Stand Up to Cancer

Major League Baseball holding a charity auction for Stand Up to Cancer

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Major League Baseball just announced something very cool: a charity auction to benefit the Stand Up to Cancer. The initiative was inspired by the numerous cases of public relations officials in the sport who have been diagnosed with cancer in recent years.

The auction starts now and goes through Thursday December 6 at midnight and includes over 70 items and experiences donated by teams and players. And it’s cool stuff. All of it can be found on the main auction page. Here are a few of my favorites:

  • Be a Baltimore Orioles player for a day – eat with team, take batting practice and sit in the dugout during a Spring Training game.
  • Ride on the Orioles’ team bus to and from a road game in Washington D.C.  You may not play “Try a little tenderness” on an acoustic guitar, unfortunately.
  • Even if you can’t do that, you can bid on a 30-minute guitar lesson from Cincinnati Reds All-Star pitcher Bronson Arroyo. I’m assuming its Dave Matthews heavy;
  • Receive a visit from Washington Nationals pitchers Drew Storen and Tyler Clippard to your child’s school and eat lunch with them in their cafeteria.
  • Take batting practice at Progressive Field with the Cleveland Indians. And heck, you may be able to make the team seeing as though it is the Indians.
  • Breakfast with All-Star Hunter Pence of the 2012 World Series Champion San Francisco Giants. I’m assuming its intense.
  • Eat lunch with Phillies GM Ruben Amaro, Jr., new Boston Red Sox manager John Farrell or Hall of Famer Tommy Lasorda of the Dodgers. If you win this bid and don’t pick Lasorda, I don’t want to know you.
  • Receive pitching lessons from any of five Major League pitching coaches, including Jim Hickey (Rays) Rick Honeycutt (Dodgers), Charles Nagy (D-backs), Bryan Price (Reds), or Carl Willis (Mariners).  It’s an egg. Hold it like an egg, meat.
  • Work a one-day internship in the New York Yankees Media Relations Department. Could be cool. By the end of the day they’ll teach you 50 ways to not say ANYTHING to the media.
  • “Host a private party at your home with the Milwaukee Brewers Famous Racing Sausages.” So … a literal sausage party? I love this. It may be a cancer benefit, but there is definitely humor here. I may bid on this bad boy.
  • There’s lots of other stuff like batting practice with teams, merchandise, primo Green Monster seats in Boston and much, much more.

Check out the auction and see if you can’t do your part to help a worthy cause.

 

Braves sign former football player Sanders Commings

GLENDALE, AZ - AUGUST 15:  Cornerback Sanders Commings #26 of the Kansas City Chiefs on the sidelines during the pre-season NFL game against the Arizona Cardinals at the University of Phoenix Stadium on August 15, 2015 in Glendale, Arizona.  (Photo by Christian Petersen/Getty Images)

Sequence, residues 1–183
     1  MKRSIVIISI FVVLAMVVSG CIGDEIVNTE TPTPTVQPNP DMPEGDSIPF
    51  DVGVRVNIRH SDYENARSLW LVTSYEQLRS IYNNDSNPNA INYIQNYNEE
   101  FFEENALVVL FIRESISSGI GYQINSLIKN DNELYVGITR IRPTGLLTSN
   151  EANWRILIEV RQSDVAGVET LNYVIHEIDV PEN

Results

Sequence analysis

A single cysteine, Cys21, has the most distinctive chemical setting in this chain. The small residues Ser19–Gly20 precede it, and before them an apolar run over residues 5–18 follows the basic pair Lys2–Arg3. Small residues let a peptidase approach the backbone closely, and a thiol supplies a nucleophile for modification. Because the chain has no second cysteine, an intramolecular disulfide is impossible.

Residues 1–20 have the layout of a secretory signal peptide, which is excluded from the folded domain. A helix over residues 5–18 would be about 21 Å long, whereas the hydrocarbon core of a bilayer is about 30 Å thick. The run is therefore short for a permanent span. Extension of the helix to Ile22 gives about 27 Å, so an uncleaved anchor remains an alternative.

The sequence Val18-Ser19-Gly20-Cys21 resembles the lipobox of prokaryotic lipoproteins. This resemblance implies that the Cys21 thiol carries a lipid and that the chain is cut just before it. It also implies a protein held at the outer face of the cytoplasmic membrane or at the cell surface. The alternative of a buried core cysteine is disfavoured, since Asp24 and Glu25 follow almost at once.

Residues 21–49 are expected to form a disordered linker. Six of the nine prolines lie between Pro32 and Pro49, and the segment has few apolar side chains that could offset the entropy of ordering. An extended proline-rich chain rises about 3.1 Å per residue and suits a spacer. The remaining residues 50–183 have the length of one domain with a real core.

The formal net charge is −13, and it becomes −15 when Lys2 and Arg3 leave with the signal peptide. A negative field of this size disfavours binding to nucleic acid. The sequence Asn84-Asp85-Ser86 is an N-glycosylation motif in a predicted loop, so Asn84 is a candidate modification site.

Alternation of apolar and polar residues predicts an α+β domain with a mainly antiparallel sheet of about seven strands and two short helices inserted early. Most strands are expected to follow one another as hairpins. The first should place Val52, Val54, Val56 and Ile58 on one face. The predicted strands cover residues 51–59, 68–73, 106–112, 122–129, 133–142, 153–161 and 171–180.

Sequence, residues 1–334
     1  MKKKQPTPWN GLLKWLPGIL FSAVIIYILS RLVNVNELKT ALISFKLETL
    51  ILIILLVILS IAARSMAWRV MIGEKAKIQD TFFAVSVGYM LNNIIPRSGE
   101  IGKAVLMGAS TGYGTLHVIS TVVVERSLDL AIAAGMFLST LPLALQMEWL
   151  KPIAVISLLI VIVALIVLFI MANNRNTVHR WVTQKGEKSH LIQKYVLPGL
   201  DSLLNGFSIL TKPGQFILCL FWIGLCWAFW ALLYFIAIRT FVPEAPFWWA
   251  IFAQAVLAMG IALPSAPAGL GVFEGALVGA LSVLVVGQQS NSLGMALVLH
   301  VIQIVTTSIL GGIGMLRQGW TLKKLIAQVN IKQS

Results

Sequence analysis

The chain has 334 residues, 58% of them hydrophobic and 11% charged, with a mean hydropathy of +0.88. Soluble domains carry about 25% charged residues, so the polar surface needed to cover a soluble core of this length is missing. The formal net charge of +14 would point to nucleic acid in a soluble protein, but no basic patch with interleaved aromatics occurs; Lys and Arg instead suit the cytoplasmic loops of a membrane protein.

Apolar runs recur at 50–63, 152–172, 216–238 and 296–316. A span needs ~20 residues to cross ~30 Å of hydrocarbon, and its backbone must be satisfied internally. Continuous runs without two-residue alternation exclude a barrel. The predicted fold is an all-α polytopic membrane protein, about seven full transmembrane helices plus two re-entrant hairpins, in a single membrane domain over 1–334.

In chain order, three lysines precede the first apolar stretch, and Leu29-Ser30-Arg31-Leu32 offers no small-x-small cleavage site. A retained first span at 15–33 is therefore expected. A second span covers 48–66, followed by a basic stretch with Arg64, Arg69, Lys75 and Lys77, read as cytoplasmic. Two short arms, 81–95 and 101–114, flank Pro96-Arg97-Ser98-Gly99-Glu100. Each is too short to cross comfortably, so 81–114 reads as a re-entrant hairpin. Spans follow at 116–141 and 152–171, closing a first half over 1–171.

Christian Petersen/Getty Images
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The Braves have signed former football player and current outfielder Sanders Commings, an Augusta, Georgia native, to a minor league contract, Ken Rosenthal of FOX Sports reports.

Commings, 26, was a defensive back who played for the University of Georgia before being selected by the Chiefs in the fifth round of the 2013 draft. He appeared in two games in the 2013 season.

Commings also played baseball for Westside High School and was selected by the Diamondbacks in the 37th round of the 2008 draft. He chose to attend the University of Georgia instead. When football didn’t pan out, Commings started training with Jerry Hairston, Jr. Hairston said he was “blown away” when he saw Commings hit for the first time.

Obviously, Commings’ path to success as a professional baseball player will be long, but it’s a no-risk flier for the Braves. The club has past experience with football players, including Deion Sanders and Brian Jordan.

The next task for the Braves will be to acquire Ryan Goins from the Blue Jays. That way, players will look at the lineup card each day to see if it’s Commings or Goins.

Justin Verlander: “I’d like to see the AL and NL have the same rules… I vote NL rules.”

SEATTLE, WA - AUGUST 10:  Starting pitcher Justin Verlander #35 of the Detroit Tigers pitches against the Seattle Mariners in the first inning at Safeco Field on August 10, 2016 in Seattle, Washington.  (Photo by Otto Greule Jr/Getty Images)
Otto Greule Jr/Getty Images
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On Thursday afternoon, Rays pitcher Chris Archer asked his Twitter followers, “Lots swirling around what needs to be changed about the game of baseball. What do y’all want to see changed, if anything, & why?”

Tigers ace Justin Verlander responded:

To that, Archer said:

For what it’s worth, Verlander hasn’t been much of a hitter. In 47 career plate appearances, he has three singles and no extra-base hits. And if the AL did get rid of the DH rule, the Tigers would have nowhere to put Victor Martinez. Verlander, though, would have an easier time pitching to opposing pitchers rather than their DH’s.